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Gruntfile.js Minor updates to readme to include browser support. Reversed order of… Jul 29, 2013 Initial commit. Copy from Adobe internal git repo. Jul 26, 2013 Update Oct 7, 2013
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gradientmaps.min.js Reformatted iframe demo. Added GradientMaps.removeGradientMap() Aug 2, 2013
package.json Initial commit. Copy from Adobe internal git repo. Jul 26, 2013


Javascript library that allows you to easily apply gradient maps to any HTML element on the page.

Check out the blog post at:

Browser Support

This functionality is currently supported on desktop Chrome and Firefox, and on iOS7 mobile Safari.

What is a Gradient Map you ask?

Traditionally, gradient maps are used in Photoshop. Think about taking an image and converting it to grayscale. Then, take a linear gradient and map that linear gradient to your image, where the left end of your gradient are the darkest values in your image, and the right end of your gradient maps to the brightest parts of your image. If you have a simple linear gradient from red to blue, the darkest parts of your image will get mapped to red, the brightest parts will get mapped to blue, and everything else will be some combination of red and blue, depending on how light or dark it is.


First, include the script in your page, most likely just before your closing <body> tag.

<script src='gradientmaps.min.js'></script>

Now, you can apply a gradient to any element on the page using the following Javascript:

GradientMaps.applyGradientMap(targetElement, linearGradient);

linearGradient uses the same format as CSS linear gradients without the initial angle, sides or corners. Instead you provide simply a list of comma-separated color-stops.

Each color-stop consists of a color followed by an optional position.

The color can be in any of the standard CSS color formats (rgb, rgba, hsl, hsla, named color or #hex-color).

The position is either a percentage (e.g. 50%) or a fraction from 0.0 to 1.0.

If the initial color-stop has no position, it is assumed to be 0% If the final color-stop has no position, it is assumed to be 100% If a color stop has no position, and it is not the first or last color-stop, it is positioned half way between the previous and next color-stop. If a color stop's position is less than the previous color-stop, it is repositioned to that of the previously positioned color-stop.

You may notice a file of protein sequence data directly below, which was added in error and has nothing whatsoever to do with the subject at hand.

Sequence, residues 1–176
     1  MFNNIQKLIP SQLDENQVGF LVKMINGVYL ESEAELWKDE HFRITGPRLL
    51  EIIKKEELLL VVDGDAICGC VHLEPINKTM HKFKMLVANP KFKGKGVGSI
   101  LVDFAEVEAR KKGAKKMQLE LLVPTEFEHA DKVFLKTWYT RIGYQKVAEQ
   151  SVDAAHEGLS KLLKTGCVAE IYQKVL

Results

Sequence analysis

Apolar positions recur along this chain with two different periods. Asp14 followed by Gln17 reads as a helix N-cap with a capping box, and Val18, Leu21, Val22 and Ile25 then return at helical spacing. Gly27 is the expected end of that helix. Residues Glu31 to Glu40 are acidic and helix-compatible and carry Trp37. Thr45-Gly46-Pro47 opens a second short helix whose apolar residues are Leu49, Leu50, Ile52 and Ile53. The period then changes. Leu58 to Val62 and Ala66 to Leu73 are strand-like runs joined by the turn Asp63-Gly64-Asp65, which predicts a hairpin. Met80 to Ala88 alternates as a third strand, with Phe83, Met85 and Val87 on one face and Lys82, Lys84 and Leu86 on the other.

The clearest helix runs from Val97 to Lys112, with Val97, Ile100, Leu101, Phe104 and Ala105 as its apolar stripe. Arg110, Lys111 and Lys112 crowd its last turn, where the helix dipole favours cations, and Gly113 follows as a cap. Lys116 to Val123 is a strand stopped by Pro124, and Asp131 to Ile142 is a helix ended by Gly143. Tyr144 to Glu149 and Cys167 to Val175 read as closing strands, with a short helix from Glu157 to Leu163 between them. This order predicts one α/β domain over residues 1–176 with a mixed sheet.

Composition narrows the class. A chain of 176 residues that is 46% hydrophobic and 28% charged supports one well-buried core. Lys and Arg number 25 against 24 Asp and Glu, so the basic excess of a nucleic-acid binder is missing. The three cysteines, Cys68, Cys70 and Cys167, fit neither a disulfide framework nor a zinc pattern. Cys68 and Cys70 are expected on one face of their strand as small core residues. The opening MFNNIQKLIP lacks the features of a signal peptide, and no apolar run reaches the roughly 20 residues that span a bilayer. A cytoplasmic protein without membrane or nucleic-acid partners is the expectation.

<img src="myimage.png" id="myimage">

Convert to Black & White:

<script src="gradientmaps.min.js"></script>
var target = document.getElementById('myimage');
var gradientMap = "black, white";

GradientMaps.applyGradientMap(target, gradientMap);

Convert to Black & white, and darken the mid-tones a bit:

GradientMaps.applyGradientMap(target, "black, gray 60%, white");

Map to a range of colors:

GradientMaps.applyGradientMap(target, "red, #00FF00, rgb(0, 0, 255), yellow");


DO NOT directly modify the gradientmaps.js or gradientmaps.min.js files in the project root. These files are automatically built from components located under the src/ directory.

The project uses Grunt to automate the build process.

Grunt depends on Node.js and npm.

Install Grunt

npm install -g grunt

Tell Grunt to watch for changes and automatically build gradientmaps.js and gradientmaps.min.js:

grunt watch

While grunt watch is running, every time you make changes to components under src/ the main files, cssregions.js and cssregions.min.js, are built and written to the project root.

To do a one-time build run:

grunt build


** Currently there are no tests **

I know, lame.


License information

The code in this repository implies and respects different licenses. This is a quick overview. For details check each folder's corresponding file.

  • Adobe Apache 2 for Gradientmaps
  • MIT for csscolorparser
  • Public Domain for tests, demos and docs
  • Third party assets under their own licenses

See for details.